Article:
Someone forwarded me this stunning story about an Arizona teacher who “participated” in the creation of Common Core tests.
Here’s a snippet:
“A year ago (3/2013), the AZ Dept of Ed asked me to go to Chicago for a week to work on evaluating the writing/reading rubrics for the Common Core/PARCC test. I didn’t have an opinion on Common Core either way. I was curious and I wanted to see what the standards would look like in test form and how that might inform my classroom teaching, so I went. Most teachers were waiting for the Common Core test to come out for the same reason.
Teachers in AZ have a great deal of input into the state test. Teachers create the test and we had the ability to change or tweak test questions if we detected a bias or if we thought the questions or reading passages weren’t truly assessing our students’ learning.
Working on the CCore test was a very different experience and had 50 more shades of bureaucracy. My Common Core handlers weren’t interested in my questions about where the standards came from, who wrote them, who wrote the test questions, etc. If they did attempt an answer they usually parroted the phrase “Teachers were involved.” Something didn’t feel right.
My turning point came when in answer to questions I had about a student writing sample, my Common Core handler blurted out, “We don’t ever care what the kids’ opinions are. If they write what they think or put forth their opinion then they will fail the test.”
I have always taught my students to think for themselves. They are to study multiple views on a given topic, then take their own position and support it with evidence. “That is the old way of writing,” my Common Core handler sighed. “We want students to repeat the opinions of the ‘experts’ that we expose them to on the test. This is the ‘new’ way of writing with the Common Core.”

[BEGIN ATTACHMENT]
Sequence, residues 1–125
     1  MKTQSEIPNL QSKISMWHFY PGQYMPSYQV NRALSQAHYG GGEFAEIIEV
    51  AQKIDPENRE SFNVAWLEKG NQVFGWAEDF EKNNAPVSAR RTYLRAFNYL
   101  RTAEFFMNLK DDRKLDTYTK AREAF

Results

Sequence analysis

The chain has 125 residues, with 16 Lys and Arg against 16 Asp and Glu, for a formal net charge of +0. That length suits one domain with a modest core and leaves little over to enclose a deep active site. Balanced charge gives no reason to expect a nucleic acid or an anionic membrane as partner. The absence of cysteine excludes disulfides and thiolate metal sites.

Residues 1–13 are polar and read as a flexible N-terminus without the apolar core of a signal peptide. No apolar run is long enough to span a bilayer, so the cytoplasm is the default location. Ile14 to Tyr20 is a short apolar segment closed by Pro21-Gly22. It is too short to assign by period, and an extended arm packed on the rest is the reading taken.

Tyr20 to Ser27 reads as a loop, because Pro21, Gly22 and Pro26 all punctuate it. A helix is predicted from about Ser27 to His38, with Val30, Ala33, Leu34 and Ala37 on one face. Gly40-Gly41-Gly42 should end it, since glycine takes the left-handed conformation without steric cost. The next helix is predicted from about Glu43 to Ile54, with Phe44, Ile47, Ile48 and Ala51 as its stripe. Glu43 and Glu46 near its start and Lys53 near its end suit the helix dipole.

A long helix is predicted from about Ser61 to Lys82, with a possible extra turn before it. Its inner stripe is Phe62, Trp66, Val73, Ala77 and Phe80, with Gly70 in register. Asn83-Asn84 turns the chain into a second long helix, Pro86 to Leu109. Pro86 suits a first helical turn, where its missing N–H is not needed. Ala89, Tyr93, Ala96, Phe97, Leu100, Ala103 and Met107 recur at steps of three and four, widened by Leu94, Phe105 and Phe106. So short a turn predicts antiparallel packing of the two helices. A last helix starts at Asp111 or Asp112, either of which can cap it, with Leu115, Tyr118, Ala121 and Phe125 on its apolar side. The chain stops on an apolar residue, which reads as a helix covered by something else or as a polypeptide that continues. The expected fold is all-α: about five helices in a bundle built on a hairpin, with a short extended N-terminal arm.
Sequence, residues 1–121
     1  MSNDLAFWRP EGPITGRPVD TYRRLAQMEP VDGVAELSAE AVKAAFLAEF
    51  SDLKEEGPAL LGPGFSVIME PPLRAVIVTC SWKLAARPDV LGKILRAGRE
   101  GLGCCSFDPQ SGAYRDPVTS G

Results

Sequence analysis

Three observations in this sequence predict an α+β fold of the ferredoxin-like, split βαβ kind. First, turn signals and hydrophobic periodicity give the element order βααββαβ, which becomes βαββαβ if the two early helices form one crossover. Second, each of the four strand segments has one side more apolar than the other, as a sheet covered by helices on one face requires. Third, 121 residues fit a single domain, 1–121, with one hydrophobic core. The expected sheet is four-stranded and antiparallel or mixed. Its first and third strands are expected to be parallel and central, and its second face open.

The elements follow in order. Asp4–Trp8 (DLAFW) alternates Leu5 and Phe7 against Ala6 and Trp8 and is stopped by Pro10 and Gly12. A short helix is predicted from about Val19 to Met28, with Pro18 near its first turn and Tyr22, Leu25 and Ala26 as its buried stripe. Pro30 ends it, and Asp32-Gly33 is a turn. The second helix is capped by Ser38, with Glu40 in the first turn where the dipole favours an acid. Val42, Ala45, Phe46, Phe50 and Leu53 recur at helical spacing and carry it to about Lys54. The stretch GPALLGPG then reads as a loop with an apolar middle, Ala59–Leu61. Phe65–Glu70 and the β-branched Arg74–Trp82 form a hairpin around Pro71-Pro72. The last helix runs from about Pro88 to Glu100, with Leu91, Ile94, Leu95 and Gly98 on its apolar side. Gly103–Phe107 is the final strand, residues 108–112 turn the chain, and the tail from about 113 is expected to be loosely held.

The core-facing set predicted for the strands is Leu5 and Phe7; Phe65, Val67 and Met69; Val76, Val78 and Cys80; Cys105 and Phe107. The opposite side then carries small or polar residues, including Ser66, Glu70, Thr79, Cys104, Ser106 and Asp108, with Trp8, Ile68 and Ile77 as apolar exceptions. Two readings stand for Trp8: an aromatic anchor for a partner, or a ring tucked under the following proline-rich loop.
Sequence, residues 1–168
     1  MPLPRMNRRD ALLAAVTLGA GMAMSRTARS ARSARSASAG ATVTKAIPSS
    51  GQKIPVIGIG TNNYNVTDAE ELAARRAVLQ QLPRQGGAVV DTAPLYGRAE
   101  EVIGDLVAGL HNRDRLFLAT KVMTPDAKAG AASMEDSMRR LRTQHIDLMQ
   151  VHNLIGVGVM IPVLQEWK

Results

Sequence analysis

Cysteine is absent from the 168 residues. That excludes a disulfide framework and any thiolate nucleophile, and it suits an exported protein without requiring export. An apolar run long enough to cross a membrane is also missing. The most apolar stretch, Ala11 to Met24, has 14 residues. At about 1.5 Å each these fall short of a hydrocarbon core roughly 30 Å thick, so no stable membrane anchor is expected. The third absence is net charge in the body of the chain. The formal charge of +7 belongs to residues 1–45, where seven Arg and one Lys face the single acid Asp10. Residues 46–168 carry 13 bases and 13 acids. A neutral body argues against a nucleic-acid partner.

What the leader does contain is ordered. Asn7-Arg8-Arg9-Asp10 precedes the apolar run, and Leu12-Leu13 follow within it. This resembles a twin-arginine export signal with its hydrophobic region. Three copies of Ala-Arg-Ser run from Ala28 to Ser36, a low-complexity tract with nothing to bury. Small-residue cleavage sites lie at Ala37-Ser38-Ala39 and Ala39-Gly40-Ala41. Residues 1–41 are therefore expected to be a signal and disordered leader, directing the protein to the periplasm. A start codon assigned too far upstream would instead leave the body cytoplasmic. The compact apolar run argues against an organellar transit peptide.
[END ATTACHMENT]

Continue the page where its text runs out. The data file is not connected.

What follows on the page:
I discovered later that this was not just some irritated, rogue Common Core handler, rather this was a philosophy I heard repeated again and again. I pointed out that this was not the way that teachers teach in the classroom. She retorted that, “We expect that when the test comes out the teachers in the classroom will imitate the skills emphasized on the test (teach to the test) and employ this new way of writing and thinking.” This was a complete kick in the stomach moment for me.
After that I started to do research on the Common Core and read everything I could get my hands on for the year or so. The more I read the more disgusted I became about the Common Core and the governors who brought it into our lives.
I went back to Chicago again in November 2013 to review reading/writing questions for the Common Core/PARCC test. Again, I wanted to see the test questions and I also wanted to experience the Common Core with all the new knowledge I’d gained. After a week of work I was convinced of the correctness of my feelings and my research about the Common Core. During this visit I worked with Pearson and ETS on the questions they created for the test. Again we were just window dressing so that they could check the box that “teachers were involved.”